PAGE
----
Health Minister Daniel Bahr to have options for mandatory measles vaccination reviewed. In recent months, there has been an increase in the number of children and adults suffering from measles. In the current year, there have already been 1.070 infections reported. Most of them in Bavaria (478) and Berlin (400). In 2012, there were only 150. Measles is highly contagious and can also lead to death.
Health minister now reviewing whether unvaccinated children could also be excluded from classes if needed. Up to now, this regulation has only applied to children who have fallen ill. Furthermore, vaccination testing should be done by health departments before kindergarten enrollment, rather than at school enrollment.
If the vaccination rate does not improve within a year, the introduction of compulsory vaccination must be considered, vice chairman of the CDU/CSU parliamentary group Johannes Singhammer (CSU) told the Rheinische Post newspaper. SPD health expert Karl Lauterbach takes a similar view: the benefits of vaccination against measles far outweigh the possible risks and side effects, the SZ reports.
Harmless side effects include redness, pain and swelling. However, these are due to the injection, but not the active ingredient (MMR). Other side effects can occur in the form of allergic reactions or respiratory diseases. But here, too, the disease may have other causes than the effect of the vaccine.
Directly related to the active ingredient is the illness of vaccine measles, which can occur in five percent of cases and up to ten days after vaccination. However, in this case, the symptoms usually appear in a weakened form.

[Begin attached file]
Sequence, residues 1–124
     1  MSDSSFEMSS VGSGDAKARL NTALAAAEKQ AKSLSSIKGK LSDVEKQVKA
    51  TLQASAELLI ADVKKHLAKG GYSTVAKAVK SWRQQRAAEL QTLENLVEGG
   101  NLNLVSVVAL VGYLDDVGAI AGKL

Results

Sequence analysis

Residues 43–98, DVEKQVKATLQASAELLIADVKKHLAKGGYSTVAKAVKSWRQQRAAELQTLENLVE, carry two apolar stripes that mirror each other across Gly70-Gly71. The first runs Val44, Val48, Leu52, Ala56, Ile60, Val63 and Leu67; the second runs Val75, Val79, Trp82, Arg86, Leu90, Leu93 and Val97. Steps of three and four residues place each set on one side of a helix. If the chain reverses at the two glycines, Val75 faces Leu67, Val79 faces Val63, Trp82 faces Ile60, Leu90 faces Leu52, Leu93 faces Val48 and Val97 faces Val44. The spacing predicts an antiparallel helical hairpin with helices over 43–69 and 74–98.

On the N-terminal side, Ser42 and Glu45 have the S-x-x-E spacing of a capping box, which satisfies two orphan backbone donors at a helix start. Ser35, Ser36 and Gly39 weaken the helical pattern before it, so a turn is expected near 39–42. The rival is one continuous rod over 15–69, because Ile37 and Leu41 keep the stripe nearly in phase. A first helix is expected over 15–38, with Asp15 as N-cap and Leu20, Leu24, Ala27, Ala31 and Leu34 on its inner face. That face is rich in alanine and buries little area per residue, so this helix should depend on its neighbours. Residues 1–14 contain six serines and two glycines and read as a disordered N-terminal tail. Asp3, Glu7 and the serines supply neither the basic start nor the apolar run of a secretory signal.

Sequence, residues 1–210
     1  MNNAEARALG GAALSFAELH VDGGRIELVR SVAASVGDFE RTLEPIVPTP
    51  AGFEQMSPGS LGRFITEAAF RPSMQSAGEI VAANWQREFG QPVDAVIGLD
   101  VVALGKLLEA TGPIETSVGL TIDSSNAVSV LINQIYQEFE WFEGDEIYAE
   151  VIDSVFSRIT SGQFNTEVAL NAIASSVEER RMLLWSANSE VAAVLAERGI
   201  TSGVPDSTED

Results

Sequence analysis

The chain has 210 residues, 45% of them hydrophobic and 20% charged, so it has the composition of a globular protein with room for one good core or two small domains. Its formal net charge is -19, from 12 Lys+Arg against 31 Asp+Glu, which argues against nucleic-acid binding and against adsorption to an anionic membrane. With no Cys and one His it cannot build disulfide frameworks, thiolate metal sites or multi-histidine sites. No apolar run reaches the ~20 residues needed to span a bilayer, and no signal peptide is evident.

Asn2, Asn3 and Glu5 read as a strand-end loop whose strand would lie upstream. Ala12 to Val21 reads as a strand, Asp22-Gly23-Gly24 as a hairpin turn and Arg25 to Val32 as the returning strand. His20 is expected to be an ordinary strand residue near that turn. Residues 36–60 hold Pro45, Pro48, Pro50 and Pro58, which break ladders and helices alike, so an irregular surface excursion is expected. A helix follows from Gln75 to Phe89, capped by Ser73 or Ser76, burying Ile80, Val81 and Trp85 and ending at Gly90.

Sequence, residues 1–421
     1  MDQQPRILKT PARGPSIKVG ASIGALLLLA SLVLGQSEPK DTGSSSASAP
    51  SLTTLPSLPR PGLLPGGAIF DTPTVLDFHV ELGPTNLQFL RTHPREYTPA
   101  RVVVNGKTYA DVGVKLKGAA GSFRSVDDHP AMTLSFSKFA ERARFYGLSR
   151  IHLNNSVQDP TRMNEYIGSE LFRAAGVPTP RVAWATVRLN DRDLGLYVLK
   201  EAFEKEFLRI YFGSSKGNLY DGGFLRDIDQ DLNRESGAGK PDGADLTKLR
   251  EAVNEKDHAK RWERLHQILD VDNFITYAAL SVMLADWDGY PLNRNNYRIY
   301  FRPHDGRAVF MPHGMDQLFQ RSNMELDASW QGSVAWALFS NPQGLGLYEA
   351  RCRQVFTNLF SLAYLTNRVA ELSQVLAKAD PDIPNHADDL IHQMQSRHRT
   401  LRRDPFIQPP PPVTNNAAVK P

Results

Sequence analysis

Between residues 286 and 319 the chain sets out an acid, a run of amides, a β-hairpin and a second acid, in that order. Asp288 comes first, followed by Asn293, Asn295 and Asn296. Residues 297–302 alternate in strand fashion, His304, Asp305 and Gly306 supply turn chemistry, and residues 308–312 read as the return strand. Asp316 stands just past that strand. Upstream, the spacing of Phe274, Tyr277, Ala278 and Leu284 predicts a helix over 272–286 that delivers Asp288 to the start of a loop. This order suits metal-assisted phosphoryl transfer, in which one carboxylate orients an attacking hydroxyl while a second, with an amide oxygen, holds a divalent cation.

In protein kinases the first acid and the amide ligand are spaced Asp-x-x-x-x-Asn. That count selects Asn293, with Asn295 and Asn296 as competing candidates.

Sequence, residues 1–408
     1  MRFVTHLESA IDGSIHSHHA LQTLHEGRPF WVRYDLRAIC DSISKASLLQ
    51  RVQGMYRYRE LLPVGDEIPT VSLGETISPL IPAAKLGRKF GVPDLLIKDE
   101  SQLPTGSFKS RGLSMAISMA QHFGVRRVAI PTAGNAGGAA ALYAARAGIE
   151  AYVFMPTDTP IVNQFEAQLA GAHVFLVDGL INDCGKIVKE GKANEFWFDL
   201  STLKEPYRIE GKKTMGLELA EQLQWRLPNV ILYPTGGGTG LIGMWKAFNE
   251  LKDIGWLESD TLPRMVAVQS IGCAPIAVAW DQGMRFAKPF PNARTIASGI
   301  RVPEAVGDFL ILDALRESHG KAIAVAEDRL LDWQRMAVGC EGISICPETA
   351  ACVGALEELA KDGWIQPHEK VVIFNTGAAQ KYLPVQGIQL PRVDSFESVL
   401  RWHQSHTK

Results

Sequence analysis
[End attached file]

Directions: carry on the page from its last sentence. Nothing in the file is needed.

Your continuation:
Because of these side effects, some parents doubt the necessity of vaccination. On the one hand, young parents want to check alternative medical methods, on the other hand, there is skepticism about the pharmaceutical industry or a lack of trust in state institutions and so-called conventional medicine.
This is why there are always minor epidemics in Germany. And this despite the fact that measles has been eradicated in Finland and even in almost all of Africa. To achieve this in Germany, 95 percent of Germans would have to be vaccinated. Currently, only one in three children is vaccinated against measles. That is still a long way off.
However, the responsibility for vaccinating children still lies with the parents. Parents cannot be forced. "Should parents who refuse to have their children vaccinated be jailed??" This is "nonsense", said the FDP chairman of the health committee Josef Ackermann. The voluntariness must remain ensured.